Where is this whisky madness going to end? It seems as though even Springbank and Cadenhead’s are no longer willing to go against the grain, as they recently released whiskies for prices that audibly made me gasp. Springbank presented a 24yo sherry matured edition at 390 quid, while Cadenhead’s bottled a similarly aged Springbank from a refill-bourbon cask, priced at 420 pounds.
They are far from the worst offenders — I guess even using the term offenders in relation to Springbank and Cadenhead’s is already one step too far. The prices are understandable even, as independent bottlers are asking similar amounts, while Springbank fetches crazy prices on the secondary market. It’s just a little disheartening to see Springbank and Cadenhead’s sort of buckle to the pressure as well.
That’s not to say all Springbank is now unattainable. They still release affordable stuff, well under the 100 pound threshold. The Hazelburn 14yo Oloroso from earlier this year is a great example. And I fondly remember the Springbank 14yo Bourbon Wood from a few years ago — please could we get a sequel of that one maybe?
Another example of a relatively affordable Springbank is the most recent Open Day release, which I’m reviewing today. At 65 pounds it’s certainly not cheap for an 8-year-old, but since it is heavily sherried, a premium is to be expected for that type of profile.
Springbank 2011 8 Years Old (56.8%, OB for ‘Open Day 2019’)
Nose: Lots of sherry. LOTS. There’s not much left of the Springbank signature, even after just 8 years of aging. That being said, while it is maybe a tad on the dry side, it is otherwise pretty nicely balanced, but very dense. Salted peanuts, tobacco leaves, aniseed and molasses. A touch of cherry syrup and smouldering embers.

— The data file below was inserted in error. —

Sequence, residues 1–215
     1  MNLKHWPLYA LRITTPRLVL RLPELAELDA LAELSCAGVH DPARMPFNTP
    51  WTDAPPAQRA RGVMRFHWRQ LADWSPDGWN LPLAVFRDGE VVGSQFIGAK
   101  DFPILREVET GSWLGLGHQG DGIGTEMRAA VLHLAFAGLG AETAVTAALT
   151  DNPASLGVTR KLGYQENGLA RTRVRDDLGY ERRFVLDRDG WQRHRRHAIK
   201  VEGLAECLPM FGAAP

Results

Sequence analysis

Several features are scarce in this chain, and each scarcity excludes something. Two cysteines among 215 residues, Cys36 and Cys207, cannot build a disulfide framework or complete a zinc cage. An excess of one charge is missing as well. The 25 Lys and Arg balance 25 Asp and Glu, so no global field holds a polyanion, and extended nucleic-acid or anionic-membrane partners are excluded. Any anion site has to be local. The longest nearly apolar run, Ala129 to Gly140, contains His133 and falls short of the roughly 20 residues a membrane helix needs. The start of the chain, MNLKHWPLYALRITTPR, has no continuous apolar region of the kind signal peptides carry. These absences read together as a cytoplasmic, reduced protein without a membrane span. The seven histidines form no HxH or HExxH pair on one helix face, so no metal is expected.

Taste: Quite salty, with hints of mocha, bitter orange peel, rubber and bacon, as well as cured meats. It’s all a bit much, to be honest. Easily the most sherried Springbank I’ve ever tasted.
Finish: Salt. More of the same actually. Long.
If you love in-your-face sherried whiskies, you will just gobble this up. It is unapologetic and certainly not very sophisticated, lacking any Springbank DNA. I can often identify Springbank during blind tastings, but I would never be able to do that with this one. Not exactly what I would go for, but of course there’s a big audience out there for these types of whiskies.
Nice review. I can enjoy these over the top caks influence time to time (remembering a pitch black Ledaig by MOS).
Imagine what prices would do if just one (ok, 2) distilleries would be on Islay. That is the position Springbank is in now. Sure, currently the fan base of Campbeltown is smaller than that of the isle of peat, but, it only takes one superb bottling to start a hype and prices will get above and beyond.
It’s a shame but I prefer missing a special release now and then (get sample) over general releases dropping in quality.
Got to agree with the previous writer prices are becoming well over the top the home market is being abused by both producers and government .